Getting Aaron Judge | The Process Report

Getting Aaron Judge

With the Yankees rolling into town with one of the best records in the game the Rays will need to treat this series like a win or go home playoff series. This is their best chance to claw back into the upper ranks of the toughest division in baseball. While the Yankees have a stout lineup that balances speed, contact and power against both lefties and righties there has been no greater threat this year than masher of baseballs Aaron Judge.

With no shortage of good hitters it is Judge that stands atop the mountain, and it is Judge that the Rays will need to eliminate this series if there is any hope of winning this thing. While the massive slugger has had much success, a zone that large begs to be explored. Let’s look at how he has handled the three major pitch types (fastballs, breaking balls, change ups) this year from both a wOBA and whiff perspective starting with the heater:

(All images reproduced with permission from ESPN TruMedia)

The reason you don’t see too many tall batters work out is because they have such an enormous zone to cover. It shouldn’t be a surprise that Judge destroys the fastball up. Pitchers that are used to walking the line at the top of the zone now need to set their horizon a few degrees higher. Those pitches that are used to being barely a strike are now in the fat part of the zone for Judge, and he mashes them. He does show some struggle low and away, as most hitters do, but it’s the one place in the zone where you should expect to have a modicum of success against this guy. Let’s move on to the breakers:

While he mashes the fastball up, he shows excellent production on breaking balls in the middle to the bottom of the zone with no real discrepancy between pitches that are in or away. The Rays overarching pitching strategy is to throw the heater up and everything else down. This presents a real issue as we can see Judge excels against both of those offerings. How about the offspeed stuff:

Ok now we’re getting somewhere. He’s able to spit on the worst of the worst, but if you can keep your change on the bottom half of the zone you should be able to see some success. You can see what happens when it gets hung, but if you can keep it down, and preferably away, then you should see some success. Let’s switch over to the swing and miss, which looked like such a big part of his game last year, but would seem to now be less of an issue. Again, I’ll start with the heater:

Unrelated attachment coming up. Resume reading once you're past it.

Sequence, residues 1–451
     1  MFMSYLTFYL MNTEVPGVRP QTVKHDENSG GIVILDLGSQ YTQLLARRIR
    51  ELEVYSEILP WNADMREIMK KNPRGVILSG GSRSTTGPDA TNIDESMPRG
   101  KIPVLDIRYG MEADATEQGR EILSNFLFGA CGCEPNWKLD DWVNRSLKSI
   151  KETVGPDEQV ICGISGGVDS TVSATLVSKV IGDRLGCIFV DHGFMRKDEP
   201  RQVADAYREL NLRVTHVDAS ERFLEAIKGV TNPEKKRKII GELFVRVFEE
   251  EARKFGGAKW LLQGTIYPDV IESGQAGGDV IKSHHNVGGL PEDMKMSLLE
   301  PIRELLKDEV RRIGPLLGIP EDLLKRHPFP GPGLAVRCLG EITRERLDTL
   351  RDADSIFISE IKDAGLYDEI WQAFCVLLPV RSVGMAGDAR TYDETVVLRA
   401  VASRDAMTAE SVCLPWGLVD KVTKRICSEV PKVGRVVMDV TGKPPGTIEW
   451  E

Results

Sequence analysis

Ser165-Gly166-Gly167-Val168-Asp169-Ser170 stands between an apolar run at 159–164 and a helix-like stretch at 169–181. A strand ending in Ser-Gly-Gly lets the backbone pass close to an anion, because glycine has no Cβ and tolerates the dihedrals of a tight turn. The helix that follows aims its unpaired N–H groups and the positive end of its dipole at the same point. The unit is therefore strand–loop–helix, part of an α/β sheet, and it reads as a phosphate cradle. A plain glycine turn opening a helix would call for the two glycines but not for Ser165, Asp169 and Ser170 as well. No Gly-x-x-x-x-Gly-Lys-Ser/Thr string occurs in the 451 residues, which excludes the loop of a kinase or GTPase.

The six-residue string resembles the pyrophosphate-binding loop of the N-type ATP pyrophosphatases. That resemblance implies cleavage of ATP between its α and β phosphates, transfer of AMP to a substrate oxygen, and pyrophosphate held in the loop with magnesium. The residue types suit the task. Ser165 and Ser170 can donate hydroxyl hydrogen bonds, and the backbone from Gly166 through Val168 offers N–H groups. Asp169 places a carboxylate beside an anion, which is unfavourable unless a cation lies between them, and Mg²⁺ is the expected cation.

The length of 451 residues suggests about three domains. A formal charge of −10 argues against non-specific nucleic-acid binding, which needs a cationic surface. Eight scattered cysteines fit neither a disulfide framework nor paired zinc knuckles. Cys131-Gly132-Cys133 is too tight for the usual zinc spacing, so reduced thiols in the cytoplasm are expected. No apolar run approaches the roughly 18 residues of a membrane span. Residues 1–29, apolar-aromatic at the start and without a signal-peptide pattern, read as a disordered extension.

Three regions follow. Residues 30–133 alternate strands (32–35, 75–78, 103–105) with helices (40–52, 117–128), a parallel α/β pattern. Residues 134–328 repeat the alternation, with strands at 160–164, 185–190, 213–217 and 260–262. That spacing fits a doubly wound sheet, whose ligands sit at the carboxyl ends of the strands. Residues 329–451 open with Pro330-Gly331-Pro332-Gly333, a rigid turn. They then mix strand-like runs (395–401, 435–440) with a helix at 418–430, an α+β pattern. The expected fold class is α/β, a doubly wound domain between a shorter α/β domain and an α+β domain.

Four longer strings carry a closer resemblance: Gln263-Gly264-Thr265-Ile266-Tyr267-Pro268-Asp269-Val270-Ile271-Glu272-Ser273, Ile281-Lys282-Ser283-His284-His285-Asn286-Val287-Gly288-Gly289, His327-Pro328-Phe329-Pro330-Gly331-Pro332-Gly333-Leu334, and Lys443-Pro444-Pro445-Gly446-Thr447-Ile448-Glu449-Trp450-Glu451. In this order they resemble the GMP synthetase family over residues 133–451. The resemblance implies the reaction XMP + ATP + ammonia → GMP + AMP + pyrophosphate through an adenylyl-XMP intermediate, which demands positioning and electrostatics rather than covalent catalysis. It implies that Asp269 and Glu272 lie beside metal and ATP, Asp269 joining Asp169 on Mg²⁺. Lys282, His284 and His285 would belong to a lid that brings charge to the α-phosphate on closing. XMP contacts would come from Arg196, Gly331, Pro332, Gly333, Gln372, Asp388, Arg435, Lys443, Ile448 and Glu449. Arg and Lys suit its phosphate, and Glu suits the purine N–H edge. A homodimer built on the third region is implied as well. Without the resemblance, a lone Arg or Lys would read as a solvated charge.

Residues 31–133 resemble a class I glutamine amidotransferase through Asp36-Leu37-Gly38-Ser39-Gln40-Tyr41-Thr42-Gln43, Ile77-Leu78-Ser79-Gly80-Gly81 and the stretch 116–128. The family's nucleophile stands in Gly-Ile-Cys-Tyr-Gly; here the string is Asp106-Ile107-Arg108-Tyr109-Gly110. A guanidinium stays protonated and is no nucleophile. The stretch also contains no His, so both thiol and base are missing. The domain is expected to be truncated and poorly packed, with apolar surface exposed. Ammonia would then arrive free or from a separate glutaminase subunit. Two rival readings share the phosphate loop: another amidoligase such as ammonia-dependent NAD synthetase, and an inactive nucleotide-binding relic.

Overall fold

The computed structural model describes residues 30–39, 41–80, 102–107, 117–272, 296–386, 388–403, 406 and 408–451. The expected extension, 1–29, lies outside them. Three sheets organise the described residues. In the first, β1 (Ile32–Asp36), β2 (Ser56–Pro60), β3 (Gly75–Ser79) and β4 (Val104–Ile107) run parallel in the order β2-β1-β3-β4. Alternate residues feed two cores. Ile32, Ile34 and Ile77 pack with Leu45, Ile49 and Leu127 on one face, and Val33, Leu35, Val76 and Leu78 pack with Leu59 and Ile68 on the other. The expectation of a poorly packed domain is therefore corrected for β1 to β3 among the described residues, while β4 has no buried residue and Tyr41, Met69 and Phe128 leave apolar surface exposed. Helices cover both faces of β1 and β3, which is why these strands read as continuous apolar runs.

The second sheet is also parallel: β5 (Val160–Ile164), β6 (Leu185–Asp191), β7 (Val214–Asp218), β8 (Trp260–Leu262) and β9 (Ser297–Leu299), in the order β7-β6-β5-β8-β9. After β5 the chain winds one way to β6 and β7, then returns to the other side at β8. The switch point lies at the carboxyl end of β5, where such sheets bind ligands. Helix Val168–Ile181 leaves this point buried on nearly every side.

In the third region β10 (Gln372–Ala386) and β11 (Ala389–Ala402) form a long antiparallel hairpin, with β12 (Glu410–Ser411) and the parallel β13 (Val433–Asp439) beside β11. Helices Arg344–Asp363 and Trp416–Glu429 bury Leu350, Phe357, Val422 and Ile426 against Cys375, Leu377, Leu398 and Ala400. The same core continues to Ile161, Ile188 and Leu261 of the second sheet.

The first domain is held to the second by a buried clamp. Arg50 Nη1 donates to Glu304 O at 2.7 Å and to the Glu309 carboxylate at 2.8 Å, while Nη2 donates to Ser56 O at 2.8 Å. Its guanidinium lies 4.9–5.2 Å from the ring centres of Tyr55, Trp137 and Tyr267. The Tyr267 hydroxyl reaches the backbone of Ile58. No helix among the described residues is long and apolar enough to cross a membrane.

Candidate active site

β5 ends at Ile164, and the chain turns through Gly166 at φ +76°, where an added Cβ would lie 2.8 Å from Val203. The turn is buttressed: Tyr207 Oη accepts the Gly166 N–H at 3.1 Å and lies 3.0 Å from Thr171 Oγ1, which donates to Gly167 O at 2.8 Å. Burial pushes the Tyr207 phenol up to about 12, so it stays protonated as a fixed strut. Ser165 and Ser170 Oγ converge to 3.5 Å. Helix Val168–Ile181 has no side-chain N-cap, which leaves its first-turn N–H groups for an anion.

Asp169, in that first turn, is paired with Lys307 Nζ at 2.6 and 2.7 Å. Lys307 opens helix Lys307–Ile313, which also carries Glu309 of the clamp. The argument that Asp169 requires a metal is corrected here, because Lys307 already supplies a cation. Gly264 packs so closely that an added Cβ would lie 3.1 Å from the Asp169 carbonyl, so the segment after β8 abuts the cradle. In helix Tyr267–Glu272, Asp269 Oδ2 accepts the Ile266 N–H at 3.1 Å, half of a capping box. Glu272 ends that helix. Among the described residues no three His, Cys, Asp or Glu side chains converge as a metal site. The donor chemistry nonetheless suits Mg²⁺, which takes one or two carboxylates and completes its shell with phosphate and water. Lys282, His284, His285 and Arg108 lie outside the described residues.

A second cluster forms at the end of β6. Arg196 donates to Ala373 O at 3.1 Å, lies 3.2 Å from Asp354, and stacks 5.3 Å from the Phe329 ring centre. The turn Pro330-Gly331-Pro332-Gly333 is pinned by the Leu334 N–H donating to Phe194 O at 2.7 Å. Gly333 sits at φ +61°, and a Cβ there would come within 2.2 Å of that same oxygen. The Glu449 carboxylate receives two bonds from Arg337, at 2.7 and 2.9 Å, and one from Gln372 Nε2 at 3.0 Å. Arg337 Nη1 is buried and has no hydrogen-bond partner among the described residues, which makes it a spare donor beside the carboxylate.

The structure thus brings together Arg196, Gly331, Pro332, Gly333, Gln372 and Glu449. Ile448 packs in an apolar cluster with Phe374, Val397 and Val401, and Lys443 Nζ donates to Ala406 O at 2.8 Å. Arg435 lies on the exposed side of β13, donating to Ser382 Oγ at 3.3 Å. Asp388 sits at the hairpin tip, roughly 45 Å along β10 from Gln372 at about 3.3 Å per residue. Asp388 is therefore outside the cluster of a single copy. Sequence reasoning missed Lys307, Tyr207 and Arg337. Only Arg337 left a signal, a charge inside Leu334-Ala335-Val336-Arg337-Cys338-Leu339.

It’s really hard to beat him with a fastball anywhere. The guy has such a quick bat, and such control of the entirety of the zone that you’re just not going to get a ton of whiffs out of him. Even more difficult is that he doesn’t seem to show much swing and miss at the top of the zone where you would like to sneak some fastballs by him. He’s so big that you just cannot get on top of his bat. I wouldn’t even try. You do see a hot spot in that same low and away zone that was a weakness from a wOBA-perspective above, as well. Now the breakers:

Now we’re getting somewhere. While he showed good production down in the zone he also has a tendency for the empty swing. Additionally, this extends well below the zone and looks like a pitch that could lead to some chases, PROVIDED, a pitcher can actually get ahead of him so that he needs to leave Passive Perch and enter the Darklands.

The change looked like a big weakness above, and it really shows up here. He will chase below the zone with aplomb, and we have already seen that he doesn’t do much damage even if you leave it in the bottom of the zone.

Add all this up and the plan to attack Judge should be fastballs low and away that hopefully set up the change to dive even deeper. I’d try to spot the fastball first pitch in good spots, but woe be upon you if you leave it too far in the zone. It’s ok to miss good here. If he walks then he walks, but there are far worse outcomes. If you can get ahead with the fastball then you can pound down with both secondaries and hope to get chases. I’d also lean heavily on those low secondaries behind in the count when he is most likely sitting fastball. The change up needs to be a weapon, and luckily the Rays will have Erasmo Ramirez and Matt Andriese going the first two games. Both feature excellent change ups even if the breaking ball is lacking. Chris Archer in the third game does not suffer from that same issue as his slider is incredible.

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